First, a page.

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A few months ago, a leading publication asked me to write an obituary on our national icon. Nelson Mandela had taken a bad turn. They wanted to be prepared. Like every other media organisation on the planet. So stand by for Madiba-overload as thousands of editors around the world get the chance to finally dust off those obits and eulogies.
I declined, by the way. Because there is something terribly inauthentic about preparing for someone’s passing. More meaningful, for me, is the piece below by our young blogger Jessica Edgson. She is barely a quarter of the late Madiba’s age. Yet on hearing the news of his passing late last night, she rushed home and worked through the early hours to put down her thoughts, the email arriving at 4:25am.
What was it about this man, this fellow homo sapien that can inspire a young lady like Jes to forego a night’s rest? And millions of others to similar selfless thoughts including the peerless musician Johnny Clegg (watch the video above – and if you don’t mist up, well, you’re not from Madibaland.).
Shortly after his release from Pollsmoor prison, Time Magazine produced a cover story on South Africa’s greatest son. The magazine’s description summed him up best. Mandela, it concluded, is that most rare of our species: a mature human being. Maturity, surely, is knowing ourselves. Understanding where we fit into this vast universe. Madiba the humble, the lover of children, the inspiration for all he met, knew that instinctively.
Note from an old friend and former SABC TV colleague:
What impressed me every time that I met with Nelson Mandela was how unpretentious he was. You and I have both met people who have such a sense of entitlement, who believe all their own good publicity. He was not one of them.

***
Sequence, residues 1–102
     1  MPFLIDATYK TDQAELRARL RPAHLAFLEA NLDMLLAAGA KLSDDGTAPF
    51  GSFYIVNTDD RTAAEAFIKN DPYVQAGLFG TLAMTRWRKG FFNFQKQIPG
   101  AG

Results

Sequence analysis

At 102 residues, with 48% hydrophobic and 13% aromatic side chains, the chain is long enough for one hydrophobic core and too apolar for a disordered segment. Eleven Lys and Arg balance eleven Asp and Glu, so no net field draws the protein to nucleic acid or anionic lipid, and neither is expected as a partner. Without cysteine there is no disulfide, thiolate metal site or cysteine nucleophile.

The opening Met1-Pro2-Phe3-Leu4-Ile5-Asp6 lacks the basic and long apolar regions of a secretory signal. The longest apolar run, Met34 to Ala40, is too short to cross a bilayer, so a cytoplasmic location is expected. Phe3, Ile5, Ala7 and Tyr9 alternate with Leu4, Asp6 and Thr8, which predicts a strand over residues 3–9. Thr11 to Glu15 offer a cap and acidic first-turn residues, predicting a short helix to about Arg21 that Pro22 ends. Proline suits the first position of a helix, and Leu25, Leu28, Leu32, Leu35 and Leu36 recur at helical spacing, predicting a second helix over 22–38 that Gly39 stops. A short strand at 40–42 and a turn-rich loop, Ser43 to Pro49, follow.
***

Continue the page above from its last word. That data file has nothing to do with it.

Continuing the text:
Have a happy and Merry Christmas.
The world’s leading business thinker, Clayton Christensen, offered further perspective during a presentation in Davos this year.
Christensen told us he had been mulling over the really important stuff. As you’d expect from a deeply spiritual soul who has survived a heart attack, stroke, cancer and diabetes. Those thoughts led to the conclusion that when he meets his maker, God certainly isn’t going to congratulate him on his earthly achievements: “No. He is probably going to say, Clay, what did you do with the talents I gave you? How did you use them to help others? What contribution did you make?”
I had the privilege of meeting Madiba a couple of times. On both occasions – once when he was my guest, the other when I was his – the welcome was identical: “It is an honour and a privilege to see you.” No. It was my honour, my privilege. As it has been with everyone graced by the presence of the father of our young nation. Syria suggests what, without Nelson Mandela, may well have been South Africa’s alternate reality.
Madiba served. He taught us much, in both his life and now though his legacy. There can be no greater contribution to humanity. And somehow you just know the Good Lord was smiling when welcoming him home. – AH
By Jes Edgson
Where were you when Madiba died? Not the exact minute that it happened or the second it was announced to the press. But that moment when you found out, that moment when you felt it… the impact of his death. If you’re a South African and you felt nothing, then please continue your day and don’t bother to read this piece.